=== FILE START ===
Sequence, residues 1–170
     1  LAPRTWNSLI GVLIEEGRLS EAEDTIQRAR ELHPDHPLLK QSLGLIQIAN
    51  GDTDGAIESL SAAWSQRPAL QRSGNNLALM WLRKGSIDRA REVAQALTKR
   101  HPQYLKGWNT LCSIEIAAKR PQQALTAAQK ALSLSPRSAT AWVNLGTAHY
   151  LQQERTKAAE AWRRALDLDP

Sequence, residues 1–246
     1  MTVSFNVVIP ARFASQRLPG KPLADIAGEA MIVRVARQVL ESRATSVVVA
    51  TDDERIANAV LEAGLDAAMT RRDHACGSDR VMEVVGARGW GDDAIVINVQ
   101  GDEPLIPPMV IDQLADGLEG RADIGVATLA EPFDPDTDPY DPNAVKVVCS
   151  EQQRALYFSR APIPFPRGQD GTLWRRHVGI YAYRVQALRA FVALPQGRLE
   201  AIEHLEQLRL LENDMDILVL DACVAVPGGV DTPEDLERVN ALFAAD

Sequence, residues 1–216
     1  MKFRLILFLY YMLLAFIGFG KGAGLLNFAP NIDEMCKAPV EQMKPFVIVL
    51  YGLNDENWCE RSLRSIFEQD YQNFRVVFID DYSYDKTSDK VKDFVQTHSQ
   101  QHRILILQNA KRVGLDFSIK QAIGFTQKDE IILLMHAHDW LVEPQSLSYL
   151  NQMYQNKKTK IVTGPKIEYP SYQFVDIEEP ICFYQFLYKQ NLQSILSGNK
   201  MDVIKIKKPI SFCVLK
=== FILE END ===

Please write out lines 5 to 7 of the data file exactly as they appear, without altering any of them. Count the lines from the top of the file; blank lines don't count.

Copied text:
   151  LQQERTKAAE AWRRALDLDP

Sequence, residues 1–246
     1  MTVSFNVVIP ARFASQRLPG KPLADIAGEA MIVRVARQVL ESRATSVVVA